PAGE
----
Most adjectives go in two main places in a sentence: before a noun or after linking verbs like be, look, feel, seem, etc.
When you use an adjective before a noun, the adjective is in the attributive position.
We had a delicious meal.
She gave a wonderful speech.
When you use an adjective after the verb be or a linking verb (e.g. look, feel, taste, seem), the adjective is in the predicative position.
Her speech was wonderful.
The meal tasted delicious.
Some adjectives are only attributive – you can only use them before nouns.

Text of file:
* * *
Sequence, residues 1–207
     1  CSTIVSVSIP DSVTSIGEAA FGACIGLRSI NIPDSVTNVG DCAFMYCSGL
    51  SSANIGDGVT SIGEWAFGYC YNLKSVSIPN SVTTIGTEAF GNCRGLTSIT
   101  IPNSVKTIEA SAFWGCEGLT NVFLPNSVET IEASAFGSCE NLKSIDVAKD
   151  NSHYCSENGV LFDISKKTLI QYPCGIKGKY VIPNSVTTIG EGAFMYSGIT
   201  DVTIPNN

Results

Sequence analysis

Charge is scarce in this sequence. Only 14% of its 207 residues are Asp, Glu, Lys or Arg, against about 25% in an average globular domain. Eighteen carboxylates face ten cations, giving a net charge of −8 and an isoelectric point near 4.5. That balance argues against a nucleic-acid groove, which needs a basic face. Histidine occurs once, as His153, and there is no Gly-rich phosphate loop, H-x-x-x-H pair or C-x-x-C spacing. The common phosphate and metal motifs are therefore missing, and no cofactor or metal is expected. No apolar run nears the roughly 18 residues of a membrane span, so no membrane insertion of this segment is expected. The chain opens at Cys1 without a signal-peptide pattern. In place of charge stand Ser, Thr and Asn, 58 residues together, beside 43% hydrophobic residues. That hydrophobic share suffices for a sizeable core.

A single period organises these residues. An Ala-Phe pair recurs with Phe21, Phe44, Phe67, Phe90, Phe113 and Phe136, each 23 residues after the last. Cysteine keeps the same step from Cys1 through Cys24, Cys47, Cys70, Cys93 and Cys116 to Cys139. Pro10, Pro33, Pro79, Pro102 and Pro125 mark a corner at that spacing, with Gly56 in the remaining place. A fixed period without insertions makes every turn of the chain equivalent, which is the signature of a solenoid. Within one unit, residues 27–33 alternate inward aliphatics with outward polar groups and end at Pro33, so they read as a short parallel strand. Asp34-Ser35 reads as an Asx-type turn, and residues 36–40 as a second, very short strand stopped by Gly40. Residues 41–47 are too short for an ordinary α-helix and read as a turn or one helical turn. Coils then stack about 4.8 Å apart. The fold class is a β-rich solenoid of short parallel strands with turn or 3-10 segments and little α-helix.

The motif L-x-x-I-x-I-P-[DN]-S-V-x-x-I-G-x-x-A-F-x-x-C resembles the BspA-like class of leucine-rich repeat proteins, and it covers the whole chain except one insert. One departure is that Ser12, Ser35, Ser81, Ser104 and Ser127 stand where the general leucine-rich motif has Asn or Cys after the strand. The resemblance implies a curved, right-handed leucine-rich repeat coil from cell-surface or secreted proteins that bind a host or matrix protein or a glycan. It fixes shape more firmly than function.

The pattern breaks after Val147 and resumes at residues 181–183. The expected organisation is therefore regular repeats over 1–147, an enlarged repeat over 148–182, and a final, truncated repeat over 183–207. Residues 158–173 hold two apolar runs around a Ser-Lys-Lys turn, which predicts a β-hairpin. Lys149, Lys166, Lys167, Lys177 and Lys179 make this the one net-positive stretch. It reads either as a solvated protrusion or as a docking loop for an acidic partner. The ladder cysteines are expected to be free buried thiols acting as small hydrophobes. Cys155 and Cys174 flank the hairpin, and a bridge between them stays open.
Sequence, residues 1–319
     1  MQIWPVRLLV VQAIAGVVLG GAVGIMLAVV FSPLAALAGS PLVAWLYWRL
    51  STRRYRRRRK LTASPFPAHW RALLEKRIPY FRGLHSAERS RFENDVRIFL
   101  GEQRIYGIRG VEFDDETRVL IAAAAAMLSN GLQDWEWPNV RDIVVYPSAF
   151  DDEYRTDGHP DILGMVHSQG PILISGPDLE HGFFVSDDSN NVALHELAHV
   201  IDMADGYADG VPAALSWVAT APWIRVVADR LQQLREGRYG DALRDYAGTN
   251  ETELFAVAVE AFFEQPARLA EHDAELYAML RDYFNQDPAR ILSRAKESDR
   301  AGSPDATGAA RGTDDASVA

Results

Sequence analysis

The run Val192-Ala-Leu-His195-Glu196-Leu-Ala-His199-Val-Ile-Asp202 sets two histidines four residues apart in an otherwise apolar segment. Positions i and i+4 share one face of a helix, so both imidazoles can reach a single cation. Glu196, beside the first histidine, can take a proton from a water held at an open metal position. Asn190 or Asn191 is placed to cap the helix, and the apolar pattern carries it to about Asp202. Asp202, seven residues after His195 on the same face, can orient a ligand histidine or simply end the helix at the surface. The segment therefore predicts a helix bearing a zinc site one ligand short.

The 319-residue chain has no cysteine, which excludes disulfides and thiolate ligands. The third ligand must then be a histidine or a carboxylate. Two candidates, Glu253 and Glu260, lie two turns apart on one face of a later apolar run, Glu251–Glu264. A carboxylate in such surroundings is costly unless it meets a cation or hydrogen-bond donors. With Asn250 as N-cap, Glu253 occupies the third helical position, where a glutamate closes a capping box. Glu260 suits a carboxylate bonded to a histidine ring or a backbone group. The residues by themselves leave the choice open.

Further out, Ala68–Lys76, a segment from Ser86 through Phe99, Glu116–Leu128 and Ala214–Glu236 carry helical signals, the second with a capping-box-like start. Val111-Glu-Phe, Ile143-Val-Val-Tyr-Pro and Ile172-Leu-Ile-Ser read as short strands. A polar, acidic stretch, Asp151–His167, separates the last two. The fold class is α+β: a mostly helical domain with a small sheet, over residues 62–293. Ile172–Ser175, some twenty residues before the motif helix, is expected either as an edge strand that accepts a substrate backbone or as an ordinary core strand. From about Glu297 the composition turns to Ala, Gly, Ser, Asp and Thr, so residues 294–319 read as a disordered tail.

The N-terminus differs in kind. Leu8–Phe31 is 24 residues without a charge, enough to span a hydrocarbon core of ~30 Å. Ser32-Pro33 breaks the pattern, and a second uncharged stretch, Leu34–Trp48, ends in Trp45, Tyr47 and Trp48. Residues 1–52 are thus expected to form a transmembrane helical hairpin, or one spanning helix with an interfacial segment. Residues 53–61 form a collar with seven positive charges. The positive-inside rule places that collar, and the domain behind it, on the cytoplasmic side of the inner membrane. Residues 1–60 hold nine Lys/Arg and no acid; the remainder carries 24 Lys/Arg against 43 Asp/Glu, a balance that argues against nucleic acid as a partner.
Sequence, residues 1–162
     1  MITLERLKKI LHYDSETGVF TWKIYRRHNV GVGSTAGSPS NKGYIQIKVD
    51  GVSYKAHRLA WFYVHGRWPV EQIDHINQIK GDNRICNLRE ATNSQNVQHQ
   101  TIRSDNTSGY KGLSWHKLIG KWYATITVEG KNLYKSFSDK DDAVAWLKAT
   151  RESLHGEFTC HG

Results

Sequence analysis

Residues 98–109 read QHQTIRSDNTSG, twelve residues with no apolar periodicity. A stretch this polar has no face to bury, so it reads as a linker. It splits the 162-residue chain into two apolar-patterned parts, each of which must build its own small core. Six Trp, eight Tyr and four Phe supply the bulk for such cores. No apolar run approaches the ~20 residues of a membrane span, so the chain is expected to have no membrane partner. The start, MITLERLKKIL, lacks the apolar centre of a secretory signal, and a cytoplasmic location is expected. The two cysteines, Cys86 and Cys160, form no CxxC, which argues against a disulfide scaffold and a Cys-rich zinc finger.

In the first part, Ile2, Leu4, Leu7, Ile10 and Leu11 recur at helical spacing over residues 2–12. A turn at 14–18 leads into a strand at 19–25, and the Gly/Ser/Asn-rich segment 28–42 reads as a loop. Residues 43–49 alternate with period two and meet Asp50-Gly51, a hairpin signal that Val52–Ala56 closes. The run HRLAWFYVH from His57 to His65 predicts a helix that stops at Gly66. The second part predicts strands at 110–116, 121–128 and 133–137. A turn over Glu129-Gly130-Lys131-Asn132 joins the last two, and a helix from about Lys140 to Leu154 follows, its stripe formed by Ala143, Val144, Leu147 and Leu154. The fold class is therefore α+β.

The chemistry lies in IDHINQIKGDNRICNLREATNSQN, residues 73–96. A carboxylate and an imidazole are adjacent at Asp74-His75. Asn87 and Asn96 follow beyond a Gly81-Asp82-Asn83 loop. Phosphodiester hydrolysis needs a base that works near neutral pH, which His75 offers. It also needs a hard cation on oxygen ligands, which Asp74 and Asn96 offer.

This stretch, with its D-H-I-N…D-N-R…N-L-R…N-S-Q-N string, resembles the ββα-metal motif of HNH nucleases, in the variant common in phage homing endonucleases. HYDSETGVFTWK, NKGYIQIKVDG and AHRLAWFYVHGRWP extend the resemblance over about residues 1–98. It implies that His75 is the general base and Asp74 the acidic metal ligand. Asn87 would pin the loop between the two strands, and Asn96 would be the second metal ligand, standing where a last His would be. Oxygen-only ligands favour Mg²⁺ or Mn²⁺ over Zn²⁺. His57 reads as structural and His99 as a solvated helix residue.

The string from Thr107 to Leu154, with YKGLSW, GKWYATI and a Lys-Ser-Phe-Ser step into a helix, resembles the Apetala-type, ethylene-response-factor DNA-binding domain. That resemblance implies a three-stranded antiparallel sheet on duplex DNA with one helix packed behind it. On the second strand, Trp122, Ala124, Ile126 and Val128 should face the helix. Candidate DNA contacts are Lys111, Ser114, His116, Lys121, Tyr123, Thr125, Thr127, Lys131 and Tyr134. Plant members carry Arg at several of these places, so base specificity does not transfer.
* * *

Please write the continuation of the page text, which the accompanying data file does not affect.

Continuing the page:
her late husband
an atomic bomb
the entire evening
an indoor swimming pool
Some adjectives are only predicative – you can only use them after verbs.
The baby is asleep.
He felt very ashamed.
Adjectives can also go after the object of a sentence, in the structure: verb + object + adjective.
We’ve painted the bedroom yellow.
The news made her sad.
I’ll get the room ready for our guests.
Sometimes, adjectives with similar meanings behave in different ways grammatically.
• Her husband is sick.
• She is looking after her sick husband.
• Her husband is ill.
✗ Don't say: She is looking after her ill husband.